Table of Contents
   Index
   About the Author
   Preface
   Islamabadisation
   The Abdullah Dynasty
   A Journey into History
   Kashmiri Pandits
   The Myth of Negligence
   Mullaism
   Mortgaged Media
   Siege by Scandal
   The 'Inhuman' Rights
   The Valley of Oddity
   This Happened to KPs
   Exaggerated Reporting
   Appendix

Koshur Music

An Introduction to Spoken Kashmiri

Panun Kashmir

Milchar

Symbol of Unity

 
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This Happened to Kashmiri Pandits

A.D. 1389-1413

The Islamic zeal attained fanatical proportions under Sultan Sikander (A.D 1389-1413) who came to be known as But Shikan (destroyer of idols). "There was no city, no town, no village, no wood, where the temples of gods remained unbroken." The Sultan even tried to pull down the famous temple of Martand but later gave up the effort. Under the influence of the Baihaqi Sayyids, the Sultan banned un-Islamic practices such as drinking, gambling, dancing, and playing of musical instruments. The Hindus were subjected to jizia, and forbidden to apply tilak on their forehead. Sikander also introduced an institution of Sheikh-ul-Islam to insure that the injunctions of Islam were fully observed. A relentless campaign for conversion to Islam was launched, under the charge of the Sultan's Chief Minister, Malik Saif-ud-Din. The Chief Minister's original name was Suha Bhatta. He renounced his Hindu faith to accept Islam. The zeal of this neo-convert knew no bounds. He unleashed a reign of terror against those who resisted conversion. It is believed that the Sultan and his Chief Minister threw into the Dal Lake all the sacred books of Hindus that they could lay their hands on, and seven maunds of sacred threads of murdered Brahmins were burnt. It is from this period that the predominance of Muslims in the population of the Valley began.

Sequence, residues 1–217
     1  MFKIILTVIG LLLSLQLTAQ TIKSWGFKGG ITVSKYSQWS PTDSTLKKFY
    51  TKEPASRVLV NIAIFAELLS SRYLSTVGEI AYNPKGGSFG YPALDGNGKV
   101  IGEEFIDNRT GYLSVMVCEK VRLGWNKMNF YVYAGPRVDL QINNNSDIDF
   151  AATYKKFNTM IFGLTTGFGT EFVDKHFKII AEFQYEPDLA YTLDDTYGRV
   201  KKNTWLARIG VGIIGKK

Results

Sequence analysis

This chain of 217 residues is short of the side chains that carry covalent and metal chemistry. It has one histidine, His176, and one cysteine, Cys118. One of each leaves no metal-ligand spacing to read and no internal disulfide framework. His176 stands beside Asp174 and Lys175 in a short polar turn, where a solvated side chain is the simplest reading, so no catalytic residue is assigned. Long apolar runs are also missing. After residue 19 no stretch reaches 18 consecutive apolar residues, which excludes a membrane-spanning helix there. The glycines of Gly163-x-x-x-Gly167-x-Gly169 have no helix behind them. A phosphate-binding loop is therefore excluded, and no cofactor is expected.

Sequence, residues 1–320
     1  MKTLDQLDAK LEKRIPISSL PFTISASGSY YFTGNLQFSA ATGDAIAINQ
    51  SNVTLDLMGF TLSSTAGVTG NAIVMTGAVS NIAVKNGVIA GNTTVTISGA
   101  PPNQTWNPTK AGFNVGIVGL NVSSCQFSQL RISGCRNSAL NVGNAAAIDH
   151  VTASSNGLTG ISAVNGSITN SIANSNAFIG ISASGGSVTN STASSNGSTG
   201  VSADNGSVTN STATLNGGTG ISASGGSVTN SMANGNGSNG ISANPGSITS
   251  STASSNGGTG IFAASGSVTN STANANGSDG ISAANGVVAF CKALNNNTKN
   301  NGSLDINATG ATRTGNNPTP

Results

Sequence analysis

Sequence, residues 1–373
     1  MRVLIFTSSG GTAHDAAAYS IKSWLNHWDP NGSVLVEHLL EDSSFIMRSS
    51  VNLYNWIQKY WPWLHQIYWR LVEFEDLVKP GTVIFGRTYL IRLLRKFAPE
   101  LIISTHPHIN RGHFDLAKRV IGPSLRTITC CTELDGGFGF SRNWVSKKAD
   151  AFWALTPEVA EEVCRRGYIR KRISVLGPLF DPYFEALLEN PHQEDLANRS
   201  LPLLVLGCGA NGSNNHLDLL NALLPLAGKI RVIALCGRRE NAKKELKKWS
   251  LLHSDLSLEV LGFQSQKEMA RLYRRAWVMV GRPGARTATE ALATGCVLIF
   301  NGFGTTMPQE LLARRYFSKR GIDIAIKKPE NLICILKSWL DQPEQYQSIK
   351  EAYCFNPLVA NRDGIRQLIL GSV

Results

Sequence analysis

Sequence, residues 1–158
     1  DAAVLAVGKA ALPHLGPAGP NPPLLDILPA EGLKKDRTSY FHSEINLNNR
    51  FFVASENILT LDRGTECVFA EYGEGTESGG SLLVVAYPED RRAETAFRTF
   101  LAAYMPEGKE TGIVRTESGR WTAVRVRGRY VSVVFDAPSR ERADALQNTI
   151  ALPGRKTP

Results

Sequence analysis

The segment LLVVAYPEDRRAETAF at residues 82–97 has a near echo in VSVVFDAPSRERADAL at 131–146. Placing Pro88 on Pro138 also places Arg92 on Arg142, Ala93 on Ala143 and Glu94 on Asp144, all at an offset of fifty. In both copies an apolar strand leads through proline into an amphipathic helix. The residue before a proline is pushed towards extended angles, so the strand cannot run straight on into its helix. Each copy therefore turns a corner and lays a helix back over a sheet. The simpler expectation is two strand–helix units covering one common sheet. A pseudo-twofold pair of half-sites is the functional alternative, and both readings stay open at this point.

A.D. 1671-75

During Aurangzeb's long reign of 49 years, Kashmir saw fourteen governors. They generally ruled well. But one of them, Iftikar Khan (A.D. 1671-75), persecuted the Brahmins, and they approached the ninth Sikh Guru, Tegh Bahadur. They complained to him: "We suffer great atrocities, sacred threads (janeus) are forcibly taken off our persons. Cows are killed. Janeus, a maund and a quarter in weight, are snapped in a single day." The Guru consoled them and said, "Go and tell the Mughal rulers that if they converted Tegh Bahadur they would all voluntarily accept Islam." This infuriated the Imperial Court and led to the Guru's martyrdom. And the Sikh faith and history took a new turn.

A.D. 1762-1811

With the re-establishment of Afghan rule, the miseries of the people multiplied. Kashmiris had the misfortune of being ruled by two upstarts - Lal Khan Khattak and Faquir Ullah. Both were tyrannical to the extreme. The former was given to fits of insane rage and sometimes got an entire family killed on mere suspicion. He was particularly hard on Hindus. Faquir Ullah was equally inhuman. He got hundreds of Kashmiri Pandits killed because he suspected that his father had been killed at the instance of a Kashmiri Pandit, Kailash Dhar, who was a nobleman at the time. Another Afghan Governor, Ata Muhammad Khan, had earned notoriety for his insatiable lust for beautiful Kashmiri women. The Hindu parents became so apprehensive that they had the good looks of their girls sullied to evade the attention of the Governor's agents. Jabbar Khan, the last Afghan Governor, also persecuted the Hindus relentlessly.

Crescent over Kashmir

 

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